a, Cell phone ownership in newly electrified versus unelectrified communities based on household-level DHS responses in 2006, 2009, 2011, 2014 and 2016. A DiD estimate is shown in the lower-right corner, indicating that cell ownership in control communities grew faster post-treatment than in treated areas. b, Percentage of treated and control communities with cell phone coverage based on GSMA data from 2010 to 2016. Data again show that coverage grew faster in control communities post-treatment. c, As in b, except for the quality of cellular coverage (‘variable’ or ‘strong’ signal). Together, we do not find evidence of cellular ownership or investment being associated with new electricity access, suggesting that the public and private roll-out of cellular phone services did not occur in tandem with electricity grid development.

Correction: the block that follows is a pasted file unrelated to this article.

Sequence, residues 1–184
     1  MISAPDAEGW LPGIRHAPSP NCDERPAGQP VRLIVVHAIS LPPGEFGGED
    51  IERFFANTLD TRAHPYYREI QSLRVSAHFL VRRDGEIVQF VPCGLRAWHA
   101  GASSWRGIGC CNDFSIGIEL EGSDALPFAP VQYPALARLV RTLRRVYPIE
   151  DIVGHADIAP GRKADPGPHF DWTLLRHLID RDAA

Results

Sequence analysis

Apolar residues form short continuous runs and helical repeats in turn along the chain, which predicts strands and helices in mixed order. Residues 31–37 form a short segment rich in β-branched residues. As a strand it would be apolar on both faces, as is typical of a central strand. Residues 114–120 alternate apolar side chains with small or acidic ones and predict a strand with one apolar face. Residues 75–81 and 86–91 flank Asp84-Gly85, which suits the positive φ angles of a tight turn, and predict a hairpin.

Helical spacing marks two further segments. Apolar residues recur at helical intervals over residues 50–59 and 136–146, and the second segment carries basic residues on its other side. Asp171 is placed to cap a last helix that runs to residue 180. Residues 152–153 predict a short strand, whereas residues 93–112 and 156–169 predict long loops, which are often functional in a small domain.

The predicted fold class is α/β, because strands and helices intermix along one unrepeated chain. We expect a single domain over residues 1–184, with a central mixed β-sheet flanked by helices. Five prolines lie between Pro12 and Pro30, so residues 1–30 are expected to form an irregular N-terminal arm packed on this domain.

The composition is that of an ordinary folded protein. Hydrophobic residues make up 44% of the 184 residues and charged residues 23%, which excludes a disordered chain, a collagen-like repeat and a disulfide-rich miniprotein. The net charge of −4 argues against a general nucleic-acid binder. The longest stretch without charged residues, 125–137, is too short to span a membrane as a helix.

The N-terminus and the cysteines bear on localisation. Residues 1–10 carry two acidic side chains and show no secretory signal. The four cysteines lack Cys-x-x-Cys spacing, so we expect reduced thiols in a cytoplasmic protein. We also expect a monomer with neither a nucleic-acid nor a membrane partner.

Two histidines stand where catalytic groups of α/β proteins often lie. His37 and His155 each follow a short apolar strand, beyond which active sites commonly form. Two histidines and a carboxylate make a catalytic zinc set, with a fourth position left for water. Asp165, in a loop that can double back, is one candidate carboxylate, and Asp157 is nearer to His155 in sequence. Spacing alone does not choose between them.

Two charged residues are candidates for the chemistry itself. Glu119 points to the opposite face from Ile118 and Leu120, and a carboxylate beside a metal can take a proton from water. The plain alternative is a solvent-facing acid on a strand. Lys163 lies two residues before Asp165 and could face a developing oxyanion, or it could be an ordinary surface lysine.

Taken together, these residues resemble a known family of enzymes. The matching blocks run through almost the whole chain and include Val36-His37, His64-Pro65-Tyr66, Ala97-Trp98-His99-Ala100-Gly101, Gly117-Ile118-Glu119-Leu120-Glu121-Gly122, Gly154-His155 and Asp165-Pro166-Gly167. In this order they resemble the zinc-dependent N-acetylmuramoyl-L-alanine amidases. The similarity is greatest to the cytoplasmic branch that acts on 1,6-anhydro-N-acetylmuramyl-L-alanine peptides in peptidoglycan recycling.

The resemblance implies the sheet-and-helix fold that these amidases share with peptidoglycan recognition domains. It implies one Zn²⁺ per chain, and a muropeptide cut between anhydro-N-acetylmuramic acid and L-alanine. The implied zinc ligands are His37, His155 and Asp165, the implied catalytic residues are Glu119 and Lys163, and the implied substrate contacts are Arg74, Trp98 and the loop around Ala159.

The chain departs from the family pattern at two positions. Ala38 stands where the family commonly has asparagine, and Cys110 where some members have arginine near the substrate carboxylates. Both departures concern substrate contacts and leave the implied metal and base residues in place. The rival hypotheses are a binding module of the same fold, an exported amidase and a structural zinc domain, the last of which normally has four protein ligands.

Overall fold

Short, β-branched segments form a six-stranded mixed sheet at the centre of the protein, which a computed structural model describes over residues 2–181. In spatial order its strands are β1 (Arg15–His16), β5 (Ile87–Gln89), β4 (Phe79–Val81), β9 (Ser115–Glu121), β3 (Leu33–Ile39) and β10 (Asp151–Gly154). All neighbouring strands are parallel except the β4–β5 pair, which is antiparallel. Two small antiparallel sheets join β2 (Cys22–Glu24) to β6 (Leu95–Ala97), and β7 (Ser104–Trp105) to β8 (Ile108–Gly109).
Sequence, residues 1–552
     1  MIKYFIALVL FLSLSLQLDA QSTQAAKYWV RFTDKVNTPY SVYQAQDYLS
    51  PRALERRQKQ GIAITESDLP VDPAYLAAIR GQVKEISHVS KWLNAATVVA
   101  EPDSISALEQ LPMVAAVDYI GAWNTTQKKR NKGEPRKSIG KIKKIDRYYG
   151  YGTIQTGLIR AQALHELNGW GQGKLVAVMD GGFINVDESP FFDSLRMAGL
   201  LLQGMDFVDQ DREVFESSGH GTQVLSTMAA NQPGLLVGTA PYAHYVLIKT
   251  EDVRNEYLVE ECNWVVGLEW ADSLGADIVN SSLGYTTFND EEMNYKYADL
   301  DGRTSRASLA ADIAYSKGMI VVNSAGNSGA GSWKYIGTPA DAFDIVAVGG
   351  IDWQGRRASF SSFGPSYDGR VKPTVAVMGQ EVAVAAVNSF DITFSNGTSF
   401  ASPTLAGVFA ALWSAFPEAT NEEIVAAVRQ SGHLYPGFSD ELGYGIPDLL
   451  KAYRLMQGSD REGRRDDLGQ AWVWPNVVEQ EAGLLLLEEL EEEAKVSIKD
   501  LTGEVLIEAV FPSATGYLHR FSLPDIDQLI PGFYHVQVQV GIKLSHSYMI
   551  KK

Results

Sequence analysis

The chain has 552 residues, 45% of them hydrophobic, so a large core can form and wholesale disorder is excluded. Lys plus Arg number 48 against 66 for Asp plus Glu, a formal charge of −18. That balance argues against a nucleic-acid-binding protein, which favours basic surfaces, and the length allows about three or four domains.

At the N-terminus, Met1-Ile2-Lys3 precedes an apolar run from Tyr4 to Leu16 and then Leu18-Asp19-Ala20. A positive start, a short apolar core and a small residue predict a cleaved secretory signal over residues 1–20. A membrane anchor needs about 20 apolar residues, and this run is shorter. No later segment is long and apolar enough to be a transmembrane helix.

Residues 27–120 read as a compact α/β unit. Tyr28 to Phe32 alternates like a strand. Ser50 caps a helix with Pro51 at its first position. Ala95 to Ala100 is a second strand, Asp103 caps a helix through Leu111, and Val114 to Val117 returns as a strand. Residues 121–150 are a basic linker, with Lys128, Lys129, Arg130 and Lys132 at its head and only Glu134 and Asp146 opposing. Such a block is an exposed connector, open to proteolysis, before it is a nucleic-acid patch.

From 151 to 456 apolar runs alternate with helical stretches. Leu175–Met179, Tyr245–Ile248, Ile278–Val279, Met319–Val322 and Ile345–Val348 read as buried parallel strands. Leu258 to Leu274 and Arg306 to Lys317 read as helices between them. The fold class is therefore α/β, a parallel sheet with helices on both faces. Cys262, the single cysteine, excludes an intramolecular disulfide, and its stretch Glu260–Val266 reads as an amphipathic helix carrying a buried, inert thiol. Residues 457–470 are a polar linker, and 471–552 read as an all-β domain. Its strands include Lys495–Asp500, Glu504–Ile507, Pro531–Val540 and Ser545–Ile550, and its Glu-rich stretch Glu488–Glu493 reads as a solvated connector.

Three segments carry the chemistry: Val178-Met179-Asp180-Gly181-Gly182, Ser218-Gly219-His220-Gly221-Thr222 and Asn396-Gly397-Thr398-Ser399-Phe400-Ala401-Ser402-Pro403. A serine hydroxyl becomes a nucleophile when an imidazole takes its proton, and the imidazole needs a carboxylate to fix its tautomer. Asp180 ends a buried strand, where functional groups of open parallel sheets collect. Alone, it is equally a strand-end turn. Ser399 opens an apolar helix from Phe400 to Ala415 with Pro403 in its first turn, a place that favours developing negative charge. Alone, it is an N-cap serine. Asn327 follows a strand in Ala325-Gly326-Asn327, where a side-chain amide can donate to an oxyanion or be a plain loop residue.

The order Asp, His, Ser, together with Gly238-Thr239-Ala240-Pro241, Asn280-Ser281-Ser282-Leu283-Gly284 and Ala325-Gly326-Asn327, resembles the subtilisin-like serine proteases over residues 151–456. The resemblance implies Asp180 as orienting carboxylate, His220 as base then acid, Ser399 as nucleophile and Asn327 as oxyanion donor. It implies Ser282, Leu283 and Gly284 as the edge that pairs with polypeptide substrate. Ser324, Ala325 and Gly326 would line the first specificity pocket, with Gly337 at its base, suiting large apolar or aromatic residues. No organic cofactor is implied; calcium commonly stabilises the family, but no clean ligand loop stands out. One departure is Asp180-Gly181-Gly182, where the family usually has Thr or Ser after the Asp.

Extended Data Fig. 12 Rejection rate for DiD estimator in pre-trends test.
Percentage of runs in which a DiD estimator rejected a null hypothesis of no difference in pre-treatment trends in asset wealth between treated and control locations, at either 95% or 90% confidence. ‘With Uganda’ and ‘without Uganda’ refer to whether or not Uganda was used in the training and validation steps. ‘Penalty’ indicates the quintile-bias penalty term (λb) used in each model run.
Extended Data Fig. 13 Effect of electrification on specific assets in the asset index.
Using DiD on DHS locations, we find statistically significant positive impacts across numerous individual assets, including three variables associated with home construction and three variables associated with electricity. We find weakly positive results for more expensive items, such as cars and motorcycles. Error bars represent 95% CIs.
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Ratledge, N., Cadamuro, G., de la Cuesta, B. et al. Using machine learning to assess the livelihood impact of electricity access. Nature 611, 491–495 (2022). https://doi.org/10.1038/s41586-022-05322-8